Anyone who’s ever made his or her own beer knows that fermentation produces energy. So it was just a matter of time before someone decided to harness that energy and put it to good use.
Engineers at Purdue University have developed a tiny medical pump that simply needs yeast (everyday baker’s yeast will do), sugar, water, and the heat from a person’s body in order to function. No electricity is required. When the yeast eats the sugar, it produces carbon dioxide gas (you might call them "yeast farts") and this powers the micropump, whose purpose is to pump drugs into the body.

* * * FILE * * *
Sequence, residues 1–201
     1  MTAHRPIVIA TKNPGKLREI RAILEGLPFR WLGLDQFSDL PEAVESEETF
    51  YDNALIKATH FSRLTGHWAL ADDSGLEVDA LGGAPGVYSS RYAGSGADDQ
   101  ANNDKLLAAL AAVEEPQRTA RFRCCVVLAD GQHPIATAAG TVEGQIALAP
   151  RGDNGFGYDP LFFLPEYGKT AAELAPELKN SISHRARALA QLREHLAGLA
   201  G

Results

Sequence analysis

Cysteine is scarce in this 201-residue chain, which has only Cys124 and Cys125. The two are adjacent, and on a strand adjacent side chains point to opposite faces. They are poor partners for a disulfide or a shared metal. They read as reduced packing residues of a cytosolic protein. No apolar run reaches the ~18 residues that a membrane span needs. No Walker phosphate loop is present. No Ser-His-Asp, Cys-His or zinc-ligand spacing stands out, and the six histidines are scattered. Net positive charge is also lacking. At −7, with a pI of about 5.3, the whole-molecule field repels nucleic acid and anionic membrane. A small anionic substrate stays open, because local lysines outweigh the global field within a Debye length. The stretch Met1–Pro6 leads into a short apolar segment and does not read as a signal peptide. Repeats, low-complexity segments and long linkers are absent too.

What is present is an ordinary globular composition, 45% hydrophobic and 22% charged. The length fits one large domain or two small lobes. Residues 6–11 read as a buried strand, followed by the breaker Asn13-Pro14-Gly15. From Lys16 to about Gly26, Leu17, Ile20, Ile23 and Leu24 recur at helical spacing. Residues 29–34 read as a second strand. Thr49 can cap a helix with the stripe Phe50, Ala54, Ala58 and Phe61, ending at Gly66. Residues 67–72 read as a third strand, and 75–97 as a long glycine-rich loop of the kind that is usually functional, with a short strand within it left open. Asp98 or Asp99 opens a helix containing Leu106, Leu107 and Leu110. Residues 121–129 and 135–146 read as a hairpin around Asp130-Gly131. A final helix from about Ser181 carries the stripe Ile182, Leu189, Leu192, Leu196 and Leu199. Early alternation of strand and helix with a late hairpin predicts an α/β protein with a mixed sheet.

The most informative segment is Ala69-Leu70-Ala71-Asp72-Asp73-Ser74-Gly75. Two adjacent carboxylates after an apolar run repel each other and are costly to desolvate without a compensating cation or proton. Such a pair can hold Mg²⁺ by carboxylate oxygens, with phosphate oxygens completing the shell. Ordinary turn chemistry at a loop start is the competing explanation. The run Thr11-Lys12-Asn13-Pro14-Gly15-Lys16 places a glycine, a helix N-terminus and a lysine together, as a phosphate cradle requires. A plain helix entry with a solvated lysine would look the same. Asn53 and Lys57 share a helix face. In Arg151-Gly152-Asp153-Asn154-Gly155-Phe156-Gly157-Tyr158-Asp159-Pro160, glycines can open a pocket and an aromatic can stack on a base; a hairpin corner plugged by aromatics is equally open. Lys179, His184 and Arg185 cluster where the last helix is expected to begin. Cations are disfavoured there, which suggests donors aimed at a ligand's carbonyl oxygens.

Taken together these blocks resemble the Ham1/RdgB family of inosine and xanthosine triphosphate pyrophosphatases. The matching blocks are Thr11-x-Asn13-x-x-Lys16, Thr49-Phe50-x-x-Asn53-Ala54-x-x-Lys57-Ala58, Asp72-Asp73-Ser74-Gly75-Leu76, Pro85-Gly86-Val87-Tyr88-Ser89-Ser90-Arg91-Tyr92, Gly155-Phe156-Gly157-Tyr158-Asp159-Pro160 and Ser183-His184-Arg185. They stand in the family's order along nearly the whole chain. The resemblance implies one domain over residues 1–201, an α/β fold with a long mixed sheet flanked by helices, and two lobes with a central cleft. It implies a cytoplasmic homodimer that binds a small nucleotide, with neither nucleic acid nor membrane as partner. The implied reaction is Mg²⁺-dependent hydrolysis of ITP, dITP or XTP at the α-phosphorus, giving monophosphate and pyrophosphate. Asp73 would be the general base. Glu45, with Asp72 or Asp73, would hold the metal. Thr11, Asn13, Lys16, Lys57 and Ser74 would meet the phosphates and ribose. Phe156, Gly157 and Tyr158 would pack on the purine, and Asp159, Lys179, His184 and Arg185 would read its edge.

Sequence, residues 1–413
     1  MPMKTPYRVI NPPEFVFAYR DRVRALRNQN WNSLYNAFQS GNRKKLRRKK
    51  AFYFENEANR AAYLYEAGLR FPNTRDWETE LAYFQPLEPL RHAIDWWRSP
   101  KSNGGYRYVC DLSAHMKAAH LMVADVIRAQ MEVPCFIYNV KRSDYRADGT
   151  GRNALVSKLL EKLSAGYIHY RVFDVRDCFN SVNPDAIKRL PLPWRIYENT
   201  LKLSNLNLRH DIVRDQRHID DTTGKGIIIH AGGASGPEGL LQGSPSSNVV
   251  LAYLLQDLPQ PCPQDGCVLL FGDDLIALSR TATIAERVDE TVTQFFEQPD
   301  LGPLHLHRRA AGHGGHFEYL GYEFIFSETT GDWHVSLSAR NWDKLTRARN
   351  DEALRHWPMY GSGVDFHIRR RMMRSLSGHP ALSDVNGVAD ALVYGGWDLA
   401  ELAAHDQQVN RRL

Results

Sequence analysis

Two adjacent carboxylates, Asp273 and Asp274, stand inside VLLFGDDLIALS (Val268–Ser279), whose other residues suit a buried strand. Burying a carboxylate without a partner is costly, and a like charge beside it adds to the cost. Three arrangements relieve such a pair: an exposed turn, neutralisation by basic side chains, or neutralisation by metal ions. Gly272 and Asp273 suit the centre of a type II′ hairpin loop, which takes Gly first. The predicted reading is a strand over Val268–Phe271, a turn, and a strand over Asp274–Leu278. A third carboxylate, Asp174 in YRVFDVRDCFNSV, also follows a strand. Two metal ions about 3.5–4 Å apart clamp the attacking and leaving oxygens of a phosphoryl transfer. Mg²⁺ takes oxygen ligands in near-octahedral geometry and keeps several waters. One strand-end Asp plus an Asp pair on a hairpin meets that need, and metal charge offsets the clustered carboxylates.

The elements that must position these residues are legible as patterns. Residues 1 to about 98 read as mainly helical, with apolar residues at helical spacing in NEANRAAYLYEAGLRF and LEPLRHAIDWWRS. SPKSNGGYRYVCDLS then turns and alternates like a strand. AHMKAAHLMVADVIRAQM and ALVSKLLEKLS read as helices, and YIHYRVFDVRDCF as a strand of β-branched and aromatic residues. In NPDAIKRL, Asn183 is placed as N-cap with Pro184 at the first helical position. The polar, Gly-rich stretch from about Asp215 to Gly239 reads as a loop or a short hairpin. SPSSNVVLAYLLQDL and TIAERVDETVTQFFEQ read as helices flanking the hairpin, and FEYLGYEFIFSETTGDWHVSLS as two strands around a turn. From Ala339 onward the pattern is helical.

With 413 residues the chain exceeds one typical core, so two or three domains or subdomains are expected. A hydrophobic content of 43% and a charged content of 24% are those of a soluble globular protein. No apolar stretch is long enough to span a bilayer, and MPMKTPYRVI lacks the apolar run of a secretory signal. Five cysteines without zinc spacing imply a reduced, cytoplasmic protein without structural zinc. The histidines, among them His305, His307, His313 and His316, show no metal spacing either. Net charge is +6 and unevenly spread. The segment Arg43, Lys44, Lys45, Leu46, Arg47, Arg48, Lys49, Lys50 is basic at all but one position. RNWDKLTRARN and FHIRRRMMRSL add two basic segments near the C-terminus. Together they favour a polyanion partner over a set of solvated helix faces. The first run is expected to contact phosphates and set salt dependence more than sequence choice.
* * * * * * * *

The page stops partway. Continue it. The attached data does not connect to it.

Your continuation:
As the researchers point out, yeast has a long shelf life, even under extreme conditions of varying temperatures and humidity levels. And, since the length of fermentation can be easily controlled over a specified amount of time, so can the allocation of drugs. In addition, the microorganism technique could help make pumps less bulky since they wouldn’t require batteries.
Considering how far back the origins of fermentation date, this is quite an ancient fix to a modern problem—so it’s probably making a lot of other engineers and designers ask why they didn’t think of it first.